Just a Little Carbonation
Sparkling waters in all their brands and flavors seem to be flooding our homes. As a market, it’s showing continual expansion in sales. As a society, we seem to be embracing it wholeheartedly. It appears to us a somewhat less boring version of soda that, nonetheless, has the key elements of flavor and carbonation, and most importantly of all, has no negative health effects. While studies do indicate there are no adverse health consequences to the ingestion of these tantalizing beverages, it is an unfortunate truth that they can still be quite dangerous for our teeth, despite their lack of sugar content. It all boils down to the PH level of the beverage in question. Come over to Tulsa Modern Dental for a Tulsa teeth cleaning and ask the dentist what they drink!
Why Things Hurt Our Teeth
The whole reason that sugar is bad for our teeth is because of the bacteria that it feeds, and the reason those bacteria are harmful for our teeth is because they produce a waste product that has an acidic PH level which eats away at the enamel of our teeth. So, in a much more direct manner than sugar, carbonated, sugarless, beverages can do the same damage; they just cut out the middleman. It won’t be feeding those bacteria, but it will still strip your enamel.
This isn’t to say that they aren’t a positive alternative to traditional soda, only that they aren’t a sound replacement for water and that they do have the potential to harm our teeth. Limiting the amount that you drink or using a straw to keep the beverage off your teeth can help to ameliorate these risks.
What the Mouth Wants
Healthy mouths have saliva with a PH range of 5.6 to 7.9. This being the case, dentists consider beverages with a PH level in that range to be safe for our teeth. The process of carbonation creates carbonic acid with the drink and results in the liquid gaining a ph of around 3-4. While this certainly isn’t acidic enough to compete with your stomach, it is potent enough to cause some enamel erosion if your teeth are subjected to it for long enough and frequently enough.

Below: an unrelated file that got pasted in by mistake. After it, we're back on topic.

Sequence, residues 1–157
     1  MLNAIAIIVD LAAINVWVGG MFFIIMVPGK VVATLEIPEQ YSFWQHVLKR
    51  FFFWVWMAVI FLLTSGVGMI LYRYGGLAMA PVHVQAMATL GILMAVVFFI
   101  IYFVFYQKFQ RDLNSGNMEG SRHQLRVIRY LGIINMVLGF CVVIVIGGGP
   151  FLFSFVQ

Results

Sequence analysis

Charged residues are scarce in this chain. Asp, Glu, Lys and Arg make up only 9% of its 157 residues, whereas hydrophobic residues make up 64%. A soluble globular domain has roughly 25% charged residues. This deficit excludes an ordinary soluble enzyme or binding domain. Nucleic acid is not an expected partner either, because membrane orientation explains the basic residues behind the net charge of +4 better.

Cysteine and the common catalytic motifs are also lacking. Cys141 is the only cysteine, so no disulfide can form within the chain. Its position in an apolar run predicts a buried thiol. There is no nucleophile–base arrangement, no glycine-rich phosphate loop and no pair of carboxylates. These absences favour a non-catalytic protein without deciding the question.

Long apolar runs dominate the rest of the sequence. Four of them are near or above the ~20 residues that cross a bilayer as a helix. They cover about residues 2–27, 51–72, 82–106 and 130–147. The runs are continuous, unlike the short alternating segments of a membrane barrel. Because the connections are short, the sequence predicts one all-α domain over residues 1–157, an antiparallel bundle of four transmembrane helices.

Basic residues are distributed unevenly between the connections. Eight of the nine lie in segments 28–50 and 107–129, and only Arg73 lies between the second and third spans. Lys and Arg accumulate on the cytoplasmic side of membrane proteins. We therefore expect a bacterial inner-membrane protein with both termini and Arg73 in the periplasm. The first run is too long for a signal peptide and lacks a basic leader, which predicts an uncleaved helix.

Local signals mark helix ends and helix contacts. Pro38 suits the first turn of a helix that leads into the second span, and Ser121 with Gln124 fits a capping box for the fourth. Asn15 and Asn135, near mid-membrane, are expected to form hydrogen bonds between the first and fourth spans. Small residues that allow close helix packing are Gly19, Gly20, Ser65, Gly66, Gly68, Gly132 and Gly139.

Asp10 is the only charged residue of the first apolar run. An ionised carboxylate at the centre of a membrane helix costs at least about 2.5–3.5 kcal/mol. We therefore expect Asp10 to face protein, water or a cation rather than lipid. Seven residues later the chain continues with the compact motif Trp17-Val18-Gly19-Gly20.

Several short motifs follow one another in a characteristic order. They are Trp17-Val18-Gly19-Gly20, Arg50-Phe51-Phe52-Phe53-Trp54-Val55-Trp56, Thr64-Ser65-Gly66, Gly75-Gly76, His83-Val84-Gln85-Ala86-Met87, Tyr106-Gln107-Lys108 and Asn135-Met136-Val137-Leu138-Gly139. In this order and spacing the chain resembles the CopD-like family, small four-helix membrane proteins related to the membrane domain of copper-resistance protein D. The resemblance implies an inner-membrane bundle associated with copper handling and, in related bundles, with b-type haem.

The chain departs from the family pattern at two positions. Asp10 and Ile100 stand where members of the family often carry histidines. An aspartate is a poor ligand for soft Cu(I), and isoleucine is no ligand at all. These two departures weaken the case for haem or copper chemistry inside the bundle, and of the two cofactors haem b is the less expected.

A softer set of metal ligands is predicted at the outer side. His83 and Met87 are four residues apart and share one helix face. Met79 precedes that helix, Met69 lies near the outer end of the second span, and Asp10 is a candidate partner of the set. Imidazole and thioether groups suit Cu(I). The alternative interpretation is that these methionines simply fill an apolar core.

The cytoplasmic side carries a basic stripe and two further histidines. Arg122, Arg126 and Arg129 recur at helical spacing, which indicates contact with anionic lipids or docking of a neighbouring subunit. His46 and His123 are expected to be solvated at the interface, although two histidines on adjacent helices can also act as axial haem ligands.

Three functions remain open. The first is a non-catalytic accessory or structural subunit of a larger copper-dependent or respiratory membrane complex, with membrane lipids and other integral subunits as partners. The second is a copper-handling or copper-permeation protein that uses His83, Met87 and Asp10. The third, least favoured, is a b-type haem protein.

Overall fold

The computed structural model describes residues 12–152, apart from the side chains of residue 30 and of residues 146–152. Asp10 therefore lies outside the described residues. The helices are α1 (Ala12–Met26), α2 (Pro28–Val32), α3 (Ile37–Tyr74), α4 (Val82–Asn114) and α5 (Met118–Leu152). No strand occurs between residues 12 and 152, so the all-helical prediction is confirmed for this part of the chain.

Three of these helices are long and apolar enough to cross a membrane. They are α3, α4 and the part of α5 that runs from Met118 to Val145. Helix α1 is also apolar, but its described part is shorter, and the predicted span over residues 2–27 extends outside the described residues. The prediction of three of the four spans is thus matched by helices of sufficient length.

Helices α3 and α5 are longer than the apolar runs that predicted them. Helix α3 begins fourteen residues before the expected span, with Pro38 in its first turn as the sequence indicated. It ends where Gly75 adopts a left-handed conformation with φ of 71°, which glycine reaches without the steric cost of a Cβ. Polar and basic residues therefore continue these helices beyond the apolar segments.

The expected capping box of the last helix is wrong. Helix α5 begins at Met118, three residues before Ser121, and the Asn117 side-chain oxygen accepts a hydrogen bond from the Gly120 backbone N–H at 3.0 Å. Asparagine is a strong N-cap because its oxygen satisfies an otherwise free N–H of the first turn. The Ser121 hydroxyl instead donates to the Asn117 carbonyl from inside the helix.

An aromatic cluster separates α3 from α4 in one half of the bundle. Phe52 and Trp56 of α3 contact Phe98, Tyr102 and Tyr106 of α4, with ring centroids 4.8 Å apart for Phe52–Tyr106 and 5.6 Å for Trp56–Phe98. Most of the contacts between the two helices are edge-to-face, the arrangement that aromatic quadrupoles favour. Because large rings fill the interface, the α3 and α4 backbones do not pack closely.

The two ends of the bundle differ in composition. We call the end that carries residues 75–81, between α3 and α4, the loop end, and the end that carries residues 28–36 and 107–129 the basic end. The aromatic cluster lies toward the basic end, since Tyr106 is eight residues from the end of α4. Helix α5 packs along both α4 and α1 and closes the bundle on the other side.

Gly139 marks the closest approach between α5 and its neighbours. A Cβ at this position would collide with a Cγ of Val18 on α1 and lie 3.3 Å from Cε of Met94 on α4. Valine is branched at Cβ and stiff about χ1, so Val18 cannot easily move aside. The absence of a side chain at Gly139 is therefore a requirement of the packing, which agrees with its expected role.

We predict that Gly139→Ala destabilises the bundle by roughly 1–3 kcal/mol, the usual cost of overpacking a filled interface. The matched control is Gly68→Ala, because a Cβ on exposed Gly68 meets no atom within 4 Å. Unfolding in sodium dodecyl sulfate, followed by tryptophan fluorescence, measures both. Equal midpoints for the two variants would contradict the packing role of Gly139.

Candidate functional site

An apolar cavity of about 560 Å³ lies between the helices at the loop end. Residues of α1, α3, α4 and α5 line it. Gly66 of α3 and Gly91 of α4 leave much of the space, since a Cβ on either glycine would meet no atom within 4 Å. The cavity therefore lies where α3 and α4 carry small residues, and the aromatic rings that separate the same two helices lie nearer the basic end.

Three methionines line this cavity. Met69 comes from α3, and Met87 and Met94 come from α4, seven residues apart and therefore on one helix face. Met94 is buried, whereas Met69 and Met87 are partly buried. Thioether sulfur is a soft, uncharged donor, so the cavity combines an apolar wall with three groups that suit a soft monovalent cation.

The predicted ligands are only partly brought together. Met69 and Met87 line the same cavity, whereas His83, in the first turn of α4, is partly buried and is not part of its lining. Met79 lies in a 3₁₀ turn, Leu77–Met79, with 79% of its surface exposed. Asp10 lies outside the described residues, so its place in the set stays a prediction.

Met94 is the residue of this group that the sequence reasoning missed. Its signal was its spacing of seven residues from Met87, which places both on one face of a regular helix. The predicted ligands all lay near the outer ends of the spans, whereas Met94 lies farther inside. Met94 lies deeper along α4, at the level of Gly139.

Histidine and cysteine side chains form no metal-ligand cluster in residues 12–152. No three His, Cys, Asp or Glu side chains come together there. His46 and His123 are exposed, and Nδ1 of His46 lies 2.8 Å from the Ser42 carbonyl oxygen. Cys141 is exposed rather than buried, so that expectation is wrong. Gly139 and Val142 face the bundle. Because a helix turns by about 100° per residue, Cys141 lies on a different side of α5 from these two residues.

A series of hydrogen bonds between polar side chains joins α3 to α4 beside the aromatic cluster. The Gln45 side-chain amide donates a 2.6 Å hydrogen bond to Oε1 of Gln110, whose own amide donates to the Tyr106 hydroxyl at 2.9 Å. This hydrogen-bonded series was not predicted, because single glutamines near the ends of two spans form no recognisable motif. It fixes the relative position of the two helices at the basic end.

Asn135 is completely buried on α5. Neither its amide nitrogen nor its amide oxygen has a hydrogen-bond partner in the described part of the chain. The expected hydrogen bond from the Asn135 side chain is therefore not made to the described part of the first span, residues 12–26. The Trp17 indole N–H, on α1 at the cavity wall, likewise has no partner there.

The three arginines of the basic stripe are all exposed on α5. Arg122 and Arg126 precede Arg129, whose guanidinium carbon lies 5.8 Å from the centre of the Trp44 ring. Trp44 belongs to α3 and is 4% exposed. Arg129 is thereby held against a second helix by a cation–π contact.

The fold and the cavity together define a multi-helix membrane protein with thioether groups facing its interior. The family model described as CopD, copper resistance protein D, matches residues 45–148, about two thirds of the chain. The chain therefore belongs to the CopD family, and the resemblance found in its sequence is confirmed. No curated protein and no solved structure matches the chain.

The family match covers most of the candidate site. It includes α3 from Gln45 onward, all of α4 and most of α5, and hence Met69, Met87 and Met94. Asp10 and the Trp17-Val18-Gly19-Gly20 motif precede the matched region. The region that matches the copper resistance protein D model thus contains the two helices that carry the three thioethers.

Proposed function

Not so Bad, Really
In the end, though, our teeth and our bodies are going to suffer wear, and so we, as a species, have learned a lot about compromise. In the case of sparkling waters that may be drinking plain water after finishing the carbonated beverage, to get that oral ph back to normal. It may be merely drinking less of your favorite carbonated water. Either way, the point is that while sparkling water isn’t the magical solution that so many of us wanted it to be, it really isn’t all that bad. And what bad it does have is relatively easy to deal with.
Don’t give up on real water, brush your teeth twice daily with an ADA approved toothpaste, and make sure to get your twice-yearly Tulsa teeth cleaning. Do these things, and your teeth will forgive you a lot. Schedule a Tulsa teeth cleaning appointment today!